Paradigm Shift in Computing
Million of years ago, the salmon were fish who lived in streams and bred in ponds in the streams. Male and female salmon found each other by synchronising the location using specific chemicals present in the water, and synchronising the time using the position of the moon. Through this protocol, the salmon would feed where they pleased, but they would come back to the pond, year after year, in order to breed.
Over the years, the path of the streams has changed, the continents have drifted, the salmon have taken to the sea, but one feature has not changed: they return to the same ponds for breeding. They sometimes travel thousands of kilometres, and jump their way up waterfalls, in trying to reach the designated pond.
Why do they persist in doing this? Would it not be optimal for both males and females to find some other way? The problem lies with the "industry standard" that has been adopted. If one individual fish chooses to violate the standard in isolation, it will not find a mate and perish.
The predicament of the salmon powerfully illustrates the power of "industry standards" to enhance economic efficiency by enabling cooperation (the ability of the salmon to find each other), or destroy economic efficiency (the irrationality of swimming thousands of kilometres to the designated pond at the designated time).
All PC users have known the frustration of the "upgrade cycle". Most spreadsheets a few years ago worked on a 386 with 8M. Today, in order to do the same work, users need a 586 with 32M. The work has changed little, but the computer resources required have changed a lot. In addition, corporate IT departments are going through huge costs every year for the upkeep of these machines: installing software, reducing the frequency of crashes, removing viruses, resolving conflicts between hardware, etc.
Is there something going wrong here? Year after year, IT budgets invest in enhancing desktops, but the functionality of the desktops stays mostly unchanged. The great leaps of information technology applied to business have taken place through large corporate computers and communications; not through improved features in the word processor used at desktops. Indeed, the great advances in hardware should have made desktop computers much cheaper; however, the bloating of software has kept hardware costs at the desktop roughly constant.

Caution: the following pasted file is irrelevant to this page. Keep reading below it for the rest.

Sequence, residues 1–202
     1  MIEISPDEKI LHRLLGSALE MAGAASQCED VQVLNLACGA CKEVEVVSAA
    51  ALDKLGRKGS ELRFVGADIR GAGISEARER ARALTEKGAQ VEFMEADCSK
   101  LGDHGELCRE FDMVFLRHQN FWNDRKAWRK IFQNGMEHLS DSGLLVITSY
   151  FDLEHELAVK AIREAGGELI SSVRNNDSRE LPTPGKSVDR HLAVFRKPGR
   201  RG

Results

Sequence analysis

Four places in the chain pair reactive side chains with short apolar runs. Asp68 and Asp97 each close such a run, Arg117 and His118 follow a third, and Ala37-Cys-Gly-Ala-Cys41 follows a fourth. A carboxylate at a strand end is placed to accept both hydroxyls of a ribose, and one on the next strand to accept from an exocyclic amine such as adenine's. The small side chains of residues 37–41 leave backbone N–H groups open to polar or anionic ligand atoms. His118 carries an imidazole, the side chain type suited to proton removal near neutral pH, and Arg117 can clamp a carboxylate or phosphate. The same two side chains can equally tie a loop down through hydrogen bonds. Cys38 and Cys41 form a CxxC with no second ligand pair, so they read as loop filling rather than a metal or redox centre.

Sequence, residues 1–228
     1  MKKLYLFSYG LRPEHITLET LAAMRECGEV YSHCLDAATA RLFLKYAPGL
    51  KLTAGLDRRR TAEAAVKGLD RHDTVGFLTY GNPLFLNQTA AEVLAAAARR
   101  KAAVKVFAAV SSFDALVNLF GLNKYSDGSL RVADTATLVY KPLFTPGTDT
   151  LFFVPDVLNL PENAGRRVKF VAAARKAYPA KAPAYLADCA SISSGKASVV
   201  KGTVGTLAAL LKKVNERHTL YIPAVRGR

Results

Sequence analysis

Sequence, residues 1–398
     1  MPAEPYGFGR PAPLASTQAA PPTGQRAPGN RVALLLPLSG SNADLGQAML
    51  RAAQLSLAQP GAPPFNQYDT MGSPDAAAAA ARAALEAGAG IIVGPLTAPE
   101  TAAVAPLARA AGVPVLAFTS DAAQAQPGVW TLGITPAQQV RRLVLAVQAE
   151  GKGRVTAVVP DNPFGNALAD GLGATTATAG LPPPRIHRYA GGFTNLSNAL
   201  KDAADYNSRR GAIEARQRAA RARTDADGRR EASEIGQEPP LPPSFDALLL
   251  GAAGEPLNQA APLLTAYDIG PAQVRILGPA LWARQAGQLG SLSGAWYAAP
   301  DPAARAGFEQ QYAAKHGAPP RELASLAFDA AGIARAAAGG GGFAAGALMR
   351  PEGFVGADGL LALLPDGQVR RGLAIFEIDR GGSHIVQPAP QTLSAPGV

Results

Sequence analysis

There is a very real sense in which the worldwide PC industry is locked in the same problem as the salmon. There is a large installed base of users who have certain hardware and software (PCs with Microsoft Windows). Software developers write products for this, despite the well--known engineering deficiencies of PCs and Microsoft Windows. This continues to attract users to this class of hardware and software. The desire for compatibility keeps this vicious cycle going. In economic parlance, this is a situation with a network externality, driven in part by the peculiar cost structure of computer software, with high fixed cost and near--zero costs of copying.
There was a famous episode two years ago where typing at 40 words per minute was not possible using Microsoft Word for the Apple Macintosh running at speeds below 40 Mhz (that was when visions of salmon jumping up waterfalls first came to me). I have known entire bank branches to be computerised using the same CPU as the Apple Macintosh, running at 40 Mhz. It was a new low for economic efficiency when this computer power became inadequate for a single user!